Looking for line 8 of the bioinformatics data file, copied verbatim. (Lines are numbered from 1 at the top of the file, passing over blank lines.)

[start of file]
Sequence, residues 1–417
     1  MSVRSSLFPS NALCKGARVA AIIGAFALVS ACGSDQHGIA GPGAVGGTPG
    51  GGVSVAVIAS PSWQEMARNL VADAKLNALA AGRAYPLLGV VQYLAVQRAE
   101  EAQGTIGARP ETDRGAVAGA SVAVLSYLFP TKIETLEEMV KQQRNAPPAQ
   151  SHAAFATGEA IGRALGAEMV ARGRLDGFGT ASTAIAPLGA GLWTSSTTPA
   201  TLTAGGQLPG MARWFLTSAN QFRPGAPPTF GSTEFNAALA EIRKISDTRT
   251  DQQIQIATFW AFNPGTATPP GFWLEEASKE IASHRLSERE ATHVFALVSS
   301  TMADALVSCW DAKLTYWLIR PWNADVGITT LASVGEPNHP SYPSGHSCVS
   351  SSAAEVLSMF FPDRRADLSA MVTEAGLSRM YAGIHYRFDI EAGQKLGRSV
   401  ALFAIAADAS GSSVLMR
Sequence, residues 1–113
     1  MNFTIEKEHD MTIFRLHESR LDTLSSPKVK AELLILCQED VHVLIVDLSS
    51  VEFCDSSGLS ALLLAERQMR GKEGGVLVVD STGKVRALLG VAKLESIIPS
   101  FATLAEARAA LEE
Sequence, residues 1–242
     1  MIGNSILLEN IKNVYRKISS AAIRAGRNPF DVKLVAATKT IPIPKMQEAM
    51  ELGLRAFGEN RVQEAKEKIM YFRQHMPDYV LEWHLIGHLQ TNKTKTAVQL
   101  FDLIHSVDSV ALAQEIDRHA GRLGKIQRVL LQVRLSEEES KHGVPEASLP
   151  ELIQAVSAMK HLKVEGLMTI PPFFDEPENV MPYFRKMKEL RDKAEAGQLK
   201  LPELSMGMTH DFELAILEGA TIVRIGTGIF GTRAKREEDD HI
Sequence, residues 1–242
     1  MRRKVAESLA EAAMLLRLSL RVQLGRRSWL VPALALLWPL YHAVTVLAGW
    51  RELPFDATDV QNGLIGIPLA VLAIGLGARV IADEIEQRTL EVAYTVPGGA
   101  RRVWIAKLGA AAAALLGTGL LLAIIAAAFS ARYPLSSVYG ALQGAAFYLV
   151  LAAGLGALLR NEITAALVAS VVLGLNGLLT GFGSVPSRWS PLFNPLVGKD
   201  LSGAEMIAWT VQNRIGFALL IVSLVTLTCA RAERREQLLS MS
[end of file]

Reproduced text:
   301  TMADALVSCW DAKLTYWLIR PWNADVGITT LASVGEPNHP SYPSGHSCVS